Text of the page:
Start-Up Funding: Jack Gets the Bread, Jill the Crumbs
By Alan Morantz
When American dotcom entrepreneur Aimee Kandrac pitched her business idea, she heard plenty of jaw-dropping responses. One stood out: “What will investors think when they walk into your office and see there are more women than men working there?” she was asked. “Can’t your husband just give you a loan?”
Women entrepreneurs reading this will nod in recognition. Their access to start-up and growth capital continues to be a sore spot. Statistics seem to suggest that there’s either discrimination or deep-seated bias in funding bodies that are predominately guided by men.
Consider this: Women-owned companies typically receive bank loans for lower amounts and with higher collateral requirements.
All-male venture teams are four times more likely to receive funding from venture capital investors than ventures with just one woman on their team.
And under three percent of the companies that receive venture capital funding have a woman CEO.
Part of this may have to do with who is doing the funding. Only 14 percent of venture capital-funded businesses in the U.S. have women in management positions. But it’s not only that male investors are in charge. One study showed that female angel investors have a tendency to refuse financing to female entrepreneurs. Another study of equity crowdfunding found that women investors are just as biased as men in their assessment of the competence of female entrepreneurs.
What The Pitches Say
If you care about inclusive business, it looks bleak. But a couple of recently published studies suggest that picture is not quite accurate. As Meryl Streep would say, it’s complicated.
In the first study, a team from Cornell University examined gender differences in angel financing. They closely analyzed some 500 pitches that were aired on the U.S. entrepreneur-based television show Shark Tank.
They found that women were no less likely to receive funding but that the amount of funding differed significantly from male entrepreneurial teams. Female teams received less capital and provided more equity relative to their male counterparts, even allowing for industry and track record.
For some reason, female entrepreneurs initially offered higher equity stakes and asked for less capital
Why? Largely because the female entrepreneurs initially offered higher equity stakes and asked for less capital. On average, the all-female teams were willing to exchange two percent more equity stake in their company for half the dollar amount compared to the all-male teams. The all-female teams seemed to be their own worst enemies.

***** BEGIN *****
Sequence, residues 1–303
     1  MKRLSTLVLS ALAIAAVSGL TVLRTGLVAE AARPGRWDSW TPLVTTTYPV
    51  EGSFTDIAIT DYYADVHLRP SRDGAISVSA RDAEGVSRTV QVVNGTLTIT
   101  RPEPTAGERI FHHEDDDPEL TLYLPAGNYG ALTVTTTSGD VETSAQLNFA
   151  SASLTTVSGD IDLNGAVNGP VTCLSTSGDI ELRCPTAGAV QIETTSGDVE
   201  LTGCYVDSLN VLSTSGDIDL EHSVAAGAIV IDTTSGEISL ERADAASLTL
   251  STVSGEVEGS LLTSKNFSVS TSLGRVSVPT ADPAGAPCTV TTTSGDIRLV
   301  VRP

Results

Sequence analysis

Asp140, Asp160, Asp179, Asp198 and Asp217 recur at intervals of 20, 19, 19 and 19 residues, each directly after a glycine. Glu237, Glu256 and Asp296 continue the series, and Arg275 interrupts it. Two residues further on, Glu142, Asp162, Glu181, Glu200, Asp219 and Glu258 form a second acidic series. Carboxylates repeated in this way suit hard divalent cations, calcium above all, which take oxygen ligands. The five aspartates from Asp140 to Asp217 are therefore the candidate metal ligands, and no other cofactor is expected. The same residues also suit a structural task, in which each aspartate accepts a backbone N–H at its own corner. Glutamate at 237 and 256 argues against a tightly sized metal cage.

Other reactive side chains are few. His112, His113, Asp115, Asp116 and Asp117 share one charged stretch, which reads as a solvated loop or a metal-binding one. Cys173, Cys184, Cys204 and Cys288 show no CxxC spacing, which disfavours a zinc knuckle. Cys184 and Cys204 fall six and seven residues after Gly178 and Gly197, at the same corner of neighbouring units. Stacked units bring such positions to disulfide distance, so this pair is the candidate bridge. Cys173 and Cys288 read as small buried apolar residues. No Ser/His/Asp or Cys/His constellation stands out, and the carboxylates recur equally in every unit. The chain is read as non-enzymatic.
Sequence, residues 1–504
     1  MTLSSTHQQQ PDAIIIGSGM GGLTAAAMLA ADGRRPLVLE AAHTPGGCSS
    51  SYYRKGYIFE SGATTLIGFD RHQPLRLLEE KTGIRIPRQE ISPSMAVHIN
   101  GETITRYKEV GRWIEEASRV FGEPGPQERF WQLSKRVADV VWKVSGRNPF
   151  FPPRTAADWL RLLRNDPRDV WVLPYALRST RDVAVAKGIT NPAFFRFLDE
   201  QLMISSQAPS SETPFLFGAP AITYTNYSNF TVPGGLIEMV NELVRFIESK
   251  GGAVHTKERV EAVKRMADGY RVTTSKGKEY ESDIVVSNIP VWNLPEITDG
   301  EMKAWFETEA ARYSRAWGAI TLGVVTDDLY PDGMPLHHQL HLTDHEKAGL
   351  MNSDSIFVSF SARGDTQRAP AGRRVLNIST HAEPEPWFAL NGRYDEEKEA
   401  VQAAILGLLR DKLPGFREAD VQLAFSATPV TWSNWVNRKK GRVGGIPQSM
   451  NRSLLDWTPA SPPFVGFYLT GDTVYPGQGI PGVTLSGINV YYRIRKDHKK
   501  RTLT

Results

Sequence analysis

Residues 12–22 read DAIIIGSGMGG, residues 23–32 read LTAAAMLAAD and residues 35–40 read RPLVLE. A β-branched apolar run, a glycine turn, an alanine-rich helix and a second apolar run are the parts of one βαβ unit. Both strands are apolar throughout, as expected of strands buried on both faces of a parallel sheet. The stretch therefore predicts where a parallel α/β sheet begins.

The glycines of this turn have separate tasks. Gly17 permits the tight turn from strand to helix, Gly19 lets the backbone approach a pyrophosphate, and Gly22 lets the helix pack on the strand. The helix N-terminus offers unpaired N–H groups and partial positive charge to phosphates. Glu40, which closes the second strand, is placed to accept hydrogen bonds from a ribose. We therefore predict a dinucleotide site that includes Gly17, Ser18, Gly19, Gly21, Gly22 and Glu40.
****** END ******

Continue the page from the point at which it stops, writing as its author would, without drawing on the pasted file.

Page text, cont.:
Why give up more and ask for less? They may have thought they were being strategic, expecting biased pushback from the sharks and adjusting their valuations accordingly. Or they may actually undervalue their companies relative to firms led by men.
Whatever the reason, the researchers concluded that limitations to angel financing of female entrepreneurial ventures may be partly self-imposed.
You could see this as a good news story. If female-led entrepreneurs can be more aggressive in their valuations and their funding requests, they would get better results with prospective investors. In fact, based on their Shark Tank study, the researchers concluded that, in this setting at least, women were not at risk of losing an offer if their valuations had been higher. Apparently, they were leaving money on the table.
Bias Against “Feminine” Behaviours
The second study was also based on a pitch event. This one looked at 185 presentations made to venture capital investors at a university investment competition, similar to the business plan competitions organized by the Centre for Business Venturing at Smith School of Business. The researchers, from Babson College, University of Alberta, and Northeastern University, wanted to know not only how women entrepreneurs did relative to men but if gender-stereotyped behaviours had anything to do with the investors’ decisions.
Like the other study, they found that women entrepreneurs were just as likely as men to receive investor interest in their ventures. But here’s the kicker: investors were biased against the display of feminine-stereotyped behaviours by the entrepreneurs, men and women alike.
The investors made implicit assumptions based on these stereotypes. When investors observed masculine-associated behaviours such as forcefulness, dominance, aggressiveness, and assertiveness — in men or women — they perceived business competence, preparedness, and leadership. When they observed feminine-associated behaviours such as warmth, sensitivity, and expressiveness, they perceived a lack of business competence and seriousness.
Is Entrepreneurship a Man’s World?
So what’s the answer? If entrepreneurship is a ‘‘man’s world,’’ should men and women display stereotypical masculine characteristics to garner more support from investors? I’m not so sure. Studies have shown that female leaders in the workplace who are aggressive and assertive are dinged with negative performance evaluations and passed over for promotions.
Then again, in this study at least, female entrepreneurs who behaved like stereotypical men did just fine. Maybe the entrepreneurial ecosystem operates a bit differently than the corporate ecosystem.
The irony in all this is that investors should be climbing all over each other for a chance to fund female entrepreneurs. Judging from U.S. figures, revenue and employment growth among women-owned firms outperform that of all other firms, aside from large publicly-traded corporations. Once they’re capitalised, ventures led by women grow faster and perform better than those owned by men.
Just wondering . . . when will the bias for a great return on investment kick in?
Alan Morantz is editor of Smith Business Insight.